Another famous and widely translated, read and cited book is ”How The West Grew Rich” (1986) (together with Birdzell). In that larger treatise Rosenberg emphasized the evolutionary survival value of capitalism deriving from its inherently experimental and self-constructive feedback mechanisms, adapting and modifying its institutions, even to the point that the mere definition of capitalism and its institutions could be questioned. Rosenberg was not the first one to dwell on those themes, but he used his findings from inside the black box to offer new perspectives and explanations. Without suggesting any causal links one may recall that the book appeared at about the same time as the first signs of the downfall of the Soviet empire and its planned economic system, unable as it was to compete effectively on a broad frontier of new technologies in the global innovation race.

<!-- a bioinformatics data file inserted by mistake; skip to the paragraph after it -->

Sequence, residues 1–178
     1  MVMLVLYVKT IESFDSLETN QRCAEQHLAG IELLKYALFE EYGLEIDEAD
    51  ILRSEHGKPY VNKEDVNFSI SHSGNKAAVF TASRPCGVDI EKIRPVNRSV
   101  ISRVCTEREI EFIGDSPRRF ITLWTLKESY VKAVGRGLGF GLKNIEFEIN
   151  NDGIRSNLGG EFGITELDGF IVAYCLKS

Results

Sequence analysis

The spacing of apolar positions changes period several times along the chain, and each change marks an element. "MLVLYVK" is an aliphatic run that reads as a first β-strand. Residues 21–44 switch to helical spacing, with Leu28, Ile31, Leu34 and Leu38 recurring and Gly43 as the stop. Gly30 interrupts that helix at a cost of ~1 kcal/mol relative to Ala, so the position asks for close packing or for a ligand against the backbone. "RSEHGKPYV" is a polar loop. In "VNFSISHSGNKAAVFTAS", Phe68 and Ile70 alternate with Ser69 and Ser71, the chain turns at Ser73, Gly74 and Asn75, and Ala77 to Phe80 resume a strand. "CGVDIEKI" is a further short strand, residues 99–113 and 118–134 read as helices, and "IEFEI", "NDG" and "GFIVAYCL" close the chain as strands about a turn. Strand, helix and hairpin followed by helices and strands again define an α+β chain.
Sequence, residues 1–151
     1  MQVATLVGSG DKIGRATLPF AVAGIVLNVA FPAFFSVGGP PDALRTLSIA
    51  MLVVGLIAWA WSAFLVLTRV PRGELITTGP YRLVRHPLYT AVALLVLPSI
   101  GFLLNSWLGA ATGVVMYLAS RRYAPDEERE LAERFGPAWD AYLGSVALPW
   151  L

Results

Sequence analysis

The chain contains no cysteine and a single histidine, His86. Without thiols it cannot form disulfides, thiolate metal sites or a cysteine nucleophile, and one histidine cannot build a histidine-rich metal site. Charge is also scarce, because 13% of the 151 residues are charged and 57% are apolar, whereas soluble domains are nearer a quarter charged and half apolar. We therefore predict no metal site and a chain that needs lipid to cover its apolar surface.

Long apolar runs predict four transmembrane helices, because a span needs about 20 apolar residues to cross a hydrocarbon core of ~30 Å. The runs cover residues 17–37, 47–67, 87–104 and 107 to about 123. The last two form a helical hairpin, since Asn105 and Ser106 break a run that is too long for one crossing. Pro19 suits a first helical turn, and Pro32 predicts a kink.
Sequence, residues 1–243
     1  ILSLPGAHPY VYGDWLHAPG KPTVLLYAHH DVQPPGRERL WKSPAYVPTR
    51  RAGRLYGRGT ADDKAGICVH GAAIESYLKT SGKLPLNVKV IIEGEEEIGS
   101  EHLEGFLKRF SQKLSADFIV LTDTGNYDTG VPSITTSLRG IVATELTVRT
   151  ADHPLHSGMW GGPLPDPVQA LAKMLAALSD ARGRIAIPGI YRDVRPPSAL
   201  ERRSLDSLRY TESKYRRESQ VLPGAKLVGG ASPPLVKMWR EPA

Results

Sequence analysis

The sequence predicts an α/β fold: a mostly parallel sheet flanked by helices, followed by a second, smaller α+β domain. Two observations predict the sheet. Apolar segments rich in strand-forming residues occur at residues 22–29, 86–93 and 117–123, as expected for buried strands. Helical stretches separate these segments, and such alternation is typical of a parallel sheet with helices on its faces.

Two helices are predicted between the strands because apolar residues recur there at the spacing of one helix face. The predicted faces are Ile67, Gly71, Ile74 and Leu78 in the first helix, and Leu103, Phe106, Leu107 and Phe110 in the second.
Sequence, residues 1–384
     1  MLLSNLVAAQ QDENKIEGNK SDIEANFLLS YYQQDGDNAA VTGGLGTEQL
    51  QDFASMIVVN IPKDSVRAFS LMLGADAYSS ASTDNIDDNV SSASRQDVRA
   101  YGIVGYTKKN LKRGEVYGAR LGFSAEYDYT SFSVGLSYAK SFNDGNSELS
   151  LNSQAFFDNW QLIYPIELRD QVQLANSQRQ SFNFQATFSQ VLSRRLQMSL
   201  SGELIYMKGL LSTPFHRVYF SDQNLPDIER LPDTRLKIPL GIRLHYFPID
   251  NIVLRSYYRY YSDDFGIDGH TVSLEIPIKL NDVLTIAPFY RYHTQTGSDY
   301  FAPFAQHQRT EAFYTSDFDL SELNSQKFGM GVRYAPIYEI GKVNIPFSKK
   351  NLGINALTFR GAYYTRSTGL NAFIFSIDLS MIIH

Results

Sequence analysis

Rosenberg was very well read with a never ceasing appetite for new knowledge and a firmly grounded appreciation of education and human capital formation, having grown up in a poor Russian immigrant environment on the US east coast, poor materially and education-wise, and then making an outstanding career through higher education. He also wrote very well which made him well read by others. He skillfully and fruitfully combined stylistic elegance with analytical clarity, which made him a prominent, almost literary, writer of academic essays.
As a towering figure in his field Rosenberg also stood on the shoulders of giants– Smith, Marx, Schumpeter to just name a few. This is apparent in his many writings about great economists and economic ideas, e.g. in his book ”The Emergence of Economic Ideas: Essays in the History of Economics” (1994). He thereby combined economic history with history of economic ideas in ways that could serve as a model for historians in general.